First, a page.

Q: For some years I have been frustrated by boxes popping up in front of attachments and Microsoft Word documents that tell me I can’t do things.

One example is the “File In Use” message I often get when I try to open a Word document. The document, which I may have opened many times before without trouble, now has a popup box that says the file is in use and asks me whether I want to open a read-only copy or create a local copy.

But I never knowingly “lock” anything. We have only one computer, no other terminals, no router, and no cell phones! There is no “authorized user” except me. By doing a lot of clicking around I can usually make this box and its demands disappear, but it wastes time.

Secondly, after clicking on an attachment, it does not open. Instead, I’ll get a message that “You should only preview files from a trustworthy source.” Then a warning, then paradoxically, a button that says “Preview File,” which is just what it warned me not to do! Then an already-checked box, “Always warn before …”

How can I block these intruders?

— Charles Bagley

A: Word is very often used by multiple users on a network, so the program tracks who has opened a document to ensure that multiple users don’t make changes at the same time, which would generate conflicts. The way Word does this is by creating an “owner file” when the document is opened. This temporary owner file is automatically deleted when the Word file is closed.

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The message that you’re getting indicates that one of three things has happened:


1. The document is available on a network and another user has it open.

2. A second instance of Word is currently running on your computer with that document open.

3. Word was closed improperly and the owner file wasn’t deleted.

Since you didn’t say anything about being on a network, I’m figuring the third option is most likely what you’re dealing with. There may, for example, have been a power outage. Or you may have shut down your computer with Word still open and with that document loaded.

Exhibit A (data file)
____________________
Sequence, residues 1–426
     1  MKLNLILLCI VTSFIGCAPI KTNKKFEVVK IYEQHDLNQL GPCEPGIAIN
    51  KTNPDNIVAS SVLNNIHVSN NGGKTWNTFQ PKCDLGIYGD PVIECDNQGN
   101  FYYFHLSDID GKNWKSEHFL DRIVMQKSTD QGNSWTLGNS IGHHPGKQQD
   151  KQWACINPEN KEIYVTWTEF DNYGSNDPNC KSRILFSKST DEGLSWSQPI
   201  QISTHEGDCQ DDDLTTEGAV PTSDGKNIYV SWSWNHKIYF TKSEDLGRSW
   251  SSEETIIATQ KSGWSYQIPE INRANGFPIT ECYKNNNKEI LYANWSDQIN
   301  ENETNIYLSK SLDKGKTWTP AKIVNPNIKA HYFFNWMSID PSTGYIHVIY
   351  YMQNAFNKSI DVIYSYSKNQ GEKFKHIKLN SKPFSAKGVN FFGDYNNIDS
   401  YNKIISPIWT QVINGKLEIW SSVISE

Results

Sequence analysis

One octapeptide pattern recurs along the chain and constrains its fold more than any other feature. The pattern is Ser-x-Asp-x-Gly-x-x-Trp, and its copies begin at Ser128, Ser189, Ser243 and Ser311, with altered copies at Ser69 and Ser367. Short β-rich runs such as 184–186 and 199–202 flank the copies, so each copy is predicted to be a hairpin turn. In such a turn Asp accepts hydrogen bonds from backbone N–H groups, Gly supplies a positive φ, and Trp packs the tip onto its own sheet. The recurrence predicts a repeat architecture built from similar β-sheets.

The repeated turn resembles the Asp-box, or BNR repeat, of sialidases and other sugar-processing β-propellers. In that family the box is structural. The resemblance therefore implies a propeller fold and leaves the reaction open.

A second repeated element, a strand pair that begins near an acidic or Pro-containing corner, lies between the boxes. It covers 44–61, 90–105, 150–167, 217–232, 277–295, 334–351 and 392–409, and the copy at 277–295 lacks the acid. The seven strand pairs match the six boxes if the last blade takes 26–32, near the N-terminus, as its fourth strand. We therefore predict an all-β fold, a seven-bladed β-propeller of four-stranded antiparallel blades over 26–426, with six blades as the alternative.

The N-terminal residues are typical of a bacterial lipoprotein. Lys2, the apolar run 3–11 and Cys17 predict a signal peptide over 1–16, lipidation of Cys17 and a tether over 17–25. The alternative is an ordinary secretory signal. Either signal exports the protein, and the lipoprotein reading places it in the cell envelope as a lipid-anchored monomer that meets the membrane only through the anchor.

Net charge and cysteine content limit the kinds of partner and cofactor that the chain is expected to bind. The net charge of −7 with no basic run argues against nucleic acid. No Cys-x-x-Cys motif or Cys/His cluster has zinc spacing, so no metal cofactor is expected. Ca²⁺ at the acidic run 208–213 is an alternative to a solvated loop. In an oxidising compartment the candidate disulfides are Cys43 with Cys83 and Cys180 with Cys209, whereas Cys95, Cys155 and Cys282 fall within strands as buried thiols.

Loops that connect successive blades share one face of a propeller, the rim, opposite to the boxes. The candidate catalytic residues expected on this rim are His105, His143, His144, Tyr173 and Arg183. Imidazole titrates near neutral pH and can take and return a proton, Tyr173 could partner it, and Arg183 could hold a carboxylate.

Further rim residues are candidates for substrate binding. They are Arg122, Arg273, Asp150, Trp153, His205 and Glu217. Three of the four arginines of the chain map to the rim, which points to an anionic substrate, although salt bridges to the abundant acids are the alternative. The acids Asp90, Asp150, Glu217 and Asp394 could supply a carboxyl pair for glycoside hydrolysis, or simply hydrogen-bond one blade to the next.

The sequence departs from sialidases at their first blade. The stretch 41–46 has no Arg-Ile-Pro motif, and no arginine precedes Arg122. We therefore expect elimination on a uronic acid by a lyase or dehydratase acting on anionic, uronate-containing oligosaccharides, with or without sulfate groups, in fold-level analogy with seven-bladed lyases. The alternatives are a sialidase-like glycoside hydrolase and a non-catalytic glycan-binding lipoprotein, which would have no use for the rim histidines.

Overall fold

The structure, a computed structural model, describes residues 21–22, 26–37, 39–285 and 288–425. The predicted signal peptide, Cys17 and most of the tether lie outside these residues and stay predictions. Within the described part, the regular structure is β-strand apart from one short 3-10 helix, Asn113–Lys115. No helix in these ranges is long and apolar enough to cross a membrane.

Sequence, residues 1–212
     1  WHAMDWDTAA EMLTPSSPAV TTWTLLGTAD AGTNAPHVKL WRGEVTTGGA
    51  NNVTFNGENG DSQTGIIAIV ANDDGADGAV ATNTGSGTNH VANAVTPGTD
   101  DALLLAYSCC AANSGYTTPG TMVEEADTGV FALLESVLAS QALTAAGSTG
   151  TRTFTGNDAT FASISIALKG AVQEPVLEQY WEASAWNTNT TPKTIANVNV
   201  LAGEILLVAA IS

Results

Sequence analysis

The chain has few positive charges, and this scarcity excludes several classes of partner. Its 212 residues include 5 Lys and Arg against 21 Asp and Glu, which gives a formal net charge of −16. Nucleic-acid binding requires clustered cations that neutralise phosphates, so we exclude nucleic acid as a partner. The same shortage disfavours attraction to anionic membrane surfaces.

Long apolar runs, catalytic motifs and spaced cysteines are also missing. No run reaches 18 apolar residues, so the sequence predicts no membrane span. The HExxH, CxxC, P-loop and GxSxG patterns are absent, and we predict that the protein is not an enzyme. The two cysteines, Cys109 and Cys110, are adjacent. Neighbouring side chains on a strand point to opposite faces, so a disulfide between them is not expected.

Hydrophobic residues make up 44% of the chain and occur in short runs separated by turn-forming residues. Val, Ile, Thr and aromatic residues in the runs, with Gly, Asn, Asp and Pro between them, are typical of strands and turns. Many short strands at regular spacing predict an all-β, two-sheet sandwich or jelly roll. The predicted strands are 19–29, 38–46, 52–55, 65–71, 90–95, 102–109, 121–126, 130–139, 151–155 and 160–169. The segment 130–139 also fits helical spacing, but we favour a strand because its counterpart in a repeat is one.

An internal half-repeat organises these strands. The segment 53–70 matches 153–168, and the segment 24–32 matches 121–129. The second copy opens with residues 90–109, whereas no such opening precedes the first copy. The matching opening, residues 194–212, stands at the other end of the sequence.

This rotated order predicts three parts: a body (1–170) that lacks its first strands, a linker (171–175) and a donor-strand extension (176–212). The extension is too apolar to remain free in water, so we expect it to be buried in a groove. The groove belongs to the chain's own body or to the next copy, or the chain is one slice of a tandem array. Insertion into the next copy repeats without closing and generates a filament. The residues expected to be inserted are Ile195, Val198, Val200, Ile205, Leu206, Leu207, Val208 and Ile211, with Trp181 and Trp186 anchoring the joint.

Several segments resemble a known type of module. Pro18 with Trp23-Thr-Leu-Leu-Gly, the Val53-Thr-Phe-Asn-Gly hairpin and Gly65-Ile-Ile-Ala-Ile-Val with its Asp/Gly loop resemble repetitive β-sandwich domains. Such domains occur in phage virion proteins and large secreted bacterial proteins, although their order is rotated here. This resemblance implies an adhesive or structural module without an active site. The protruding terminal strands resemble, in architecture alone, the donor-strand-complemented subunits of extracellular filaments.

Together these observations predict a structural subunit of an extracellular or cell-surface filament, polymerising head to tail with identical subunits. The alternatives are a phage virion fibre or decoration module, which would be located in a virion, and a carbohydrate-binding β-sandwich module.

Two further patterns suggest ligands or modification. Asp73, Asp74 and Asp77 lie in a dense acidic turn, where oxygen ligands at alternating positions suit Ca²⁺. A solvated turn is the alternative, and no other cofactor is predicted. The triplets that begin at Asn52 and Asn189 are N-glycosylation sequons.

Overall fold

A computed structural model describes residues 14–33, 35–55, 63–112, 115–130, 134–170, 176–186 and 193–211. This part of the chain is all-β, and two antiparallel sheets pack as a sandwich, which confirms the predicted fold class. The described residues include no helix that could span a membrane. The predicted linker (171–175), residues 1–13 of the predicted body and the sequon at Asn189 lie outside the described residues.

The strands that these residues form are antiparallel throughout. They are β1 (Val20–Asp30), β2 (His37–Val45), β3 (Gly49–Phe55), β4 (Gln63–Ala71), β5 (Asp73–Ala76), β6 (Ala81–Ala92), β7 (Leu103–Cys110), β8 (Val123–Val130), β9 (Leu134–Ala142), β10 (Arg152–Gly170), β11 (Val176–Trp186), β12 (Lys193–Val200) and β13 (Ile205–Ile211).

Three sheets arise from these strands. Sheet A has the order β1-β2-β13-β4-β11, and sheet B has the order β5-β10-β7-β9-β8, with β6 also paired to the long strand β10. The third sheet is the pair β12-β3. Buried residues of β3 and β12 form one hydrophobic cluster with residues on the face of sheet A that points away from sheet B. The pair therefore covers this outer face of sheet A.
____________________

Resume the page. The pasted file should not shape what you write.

To get rid of the message, reboot your computer, then look for an owner file for that document in the same directory as the document. Look for a file that begins with ~$ followed by the filename. Delete it and you should be good to go on opening the document.

Your problem with trying to open attachments makes me wonder whether your computer has been configured for use on a network. Prompting users about only opening email attachments from trusted sources is default behavior for Outlook.

But you should be able to change that configuration unless a network administrator has set a policy that doesn’t allow you to. If this machine used to be on a network that would explain it. And if that’s the case, you’d need someone experienced to edit the Windows Registry and change the policy setting.


Q: I have an email account with AT&T, which I have used for years. I recently began receiving a “Failure Notice” for one specific email address. The message I receive says that the email was rejected because it came from a server that transmits spam messages. It advises me to contact my administrator so that they can contact us. I have no idea how to contact my “administrator,” but I would definitely like to resolve the issue. Any suggestions as to how to resolve this issue?

— Richard Finger

A: In this case, your administrator is your AT&T email service. Contact them and let them know that you’re getting emails kicked back by the receiving server.

What’s going on is that email services regularly put traffic from servers that deliver spam on a blacklist. Sometimes that may be because a legitimate server – in this case that of AT&T – may have been used by a spammer who hacked into an AT&T email user’s account. Or it may have been a plain and simple error by the receiving server to blacklist the AT&T server. Either way, the way to deal with it is to notify your email service provider.

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